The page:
New York Mets general manager Sandy Alderson told the media earlier this week when asked, that he thought Tim Tebow would play in the Major Leagues at some point. Alderson did not give a time table as to when that might happen or whether he thought Tebow was a Major League player.
If I sound a bit skeptical about Tebow chasing a fast ball from Kenley Jansen or any other pitcher, it’s because Tebow isn’t anything close to a polish professional baseball player. Still, the mystique of the Heisman Trophy winner, turned washed out NFL star to college television analyst, to a minor league curiosity who puts butts in the seats will have a chance to prove myself and everyone else who doubts him wrong.
And before someone gets on their moral compass, Tebow the human being is what is right in this world and what is right about professional sports. Hitting baseballs for average and making defensive plays in the outfield are still a foreign concept to him.
”Somebody asked me if thought he’d be a major league player at some point. I think he will play in the major leagues. That’s my guess,” Alderson said.
”This experiment is not going to last forever, but he’s made meaningful progress. We thought he would best benefit from being in major league camp – that that would accelerate his development,” Alderson said.
Tebow has done what was expected – brought the masses out to minor league ballparks – first in Columbia, SC and then in St. Lucie, Florida. It is only natural for fans of sport and one of the most polarizing sports figures in decades to want to see him realize another dream.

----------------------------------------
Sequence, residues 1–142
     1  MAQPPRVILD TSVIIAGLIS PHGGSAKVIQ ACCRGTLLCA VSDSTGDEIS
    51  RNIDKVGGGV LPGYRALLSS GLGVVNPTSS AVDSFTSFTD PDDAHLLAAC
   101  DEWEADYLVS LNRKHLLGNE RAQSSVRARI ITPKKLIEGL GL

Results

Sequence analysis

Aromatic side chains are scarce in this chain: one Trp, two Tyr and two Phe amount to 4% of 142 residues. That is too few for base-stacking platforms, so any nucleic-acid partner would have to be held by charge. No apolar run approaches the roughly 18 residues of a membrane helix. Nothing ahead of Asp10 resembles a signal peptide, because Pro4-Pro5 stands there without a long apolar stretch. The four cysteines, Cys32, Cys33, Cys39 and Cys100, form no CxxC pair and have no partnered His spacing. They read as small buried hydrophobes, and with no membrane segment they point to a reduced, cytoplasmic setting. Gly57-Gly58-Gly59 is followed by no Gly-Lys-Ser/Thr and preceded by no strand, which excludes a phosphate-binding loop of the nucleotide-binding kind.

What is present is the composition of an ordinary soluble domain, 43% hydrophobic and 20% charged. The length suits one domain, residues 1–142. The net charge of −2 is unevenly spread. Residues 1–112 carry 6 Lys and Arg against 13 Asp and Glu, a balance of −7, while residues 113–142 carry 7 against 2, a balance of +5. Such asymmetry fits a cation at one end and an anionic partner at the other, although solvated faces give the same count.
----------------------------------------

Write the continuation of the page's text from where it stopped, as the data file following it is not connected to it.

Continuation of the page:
I wrote years ago that with Tebow you get the entire package – the athlete, the preacher, the businessman, the Rockstar and the man every mother wants to date their daughter. It’s that sales pitch that continues to make him front page news and ruffles some feather as to how he is talked about when major and minor leaguers have given their lives to live out a dream.
Tebow has remained focus on playing baseball, something he was successful at in high school before turning to football full-time while at the University of Florida.
”As an athlete, you always want to be the best you can and play at the highest level, win a championship, be the best. We don’t compete to have fun, we compete to win. So you want to compete at the highest level,” Tebow said,
”I view success as being able to play a game I love every day,” he said. ”If the best that I can be is in the bigs, that would be awesome. I believe in myself and want to strive for that.”
The numbers weren’t great, and probably on par with what many talking heads figured for a first season. Tebow earned a midseason promotion from Low-A Columbia to High-A St. Lucie in late June despite hitting just .220 in 64 games in the South Atlantic League.
With St. Lucie, he started out strong. He was hitting .303 in his first 30 games with the St. Lucie Mets before slumping and ending his Florida State League campaign with a .231 average, five homers and 29 RBIs in 62 games. The power is undeniable, but there is still work to be done.
Per the story on foxsports.com, Tebow has worked to improve his swing, looking for more lift and becoming freer with his hands and more athletic. He spent a lot of time in the outfield to improve his overall defense and focused on his baserunning.
Fans will wait to see if Alderson’s prediction comes true. Only time and improvement will determine how the path to the Majors is reached – in a short journey or toward the end of the 2018 season.
You can Follow David M. Levin on Twitter @DM719907 and @MarlinsMania. He is featured on 247sports.com and coming soon to Realtealnation.com.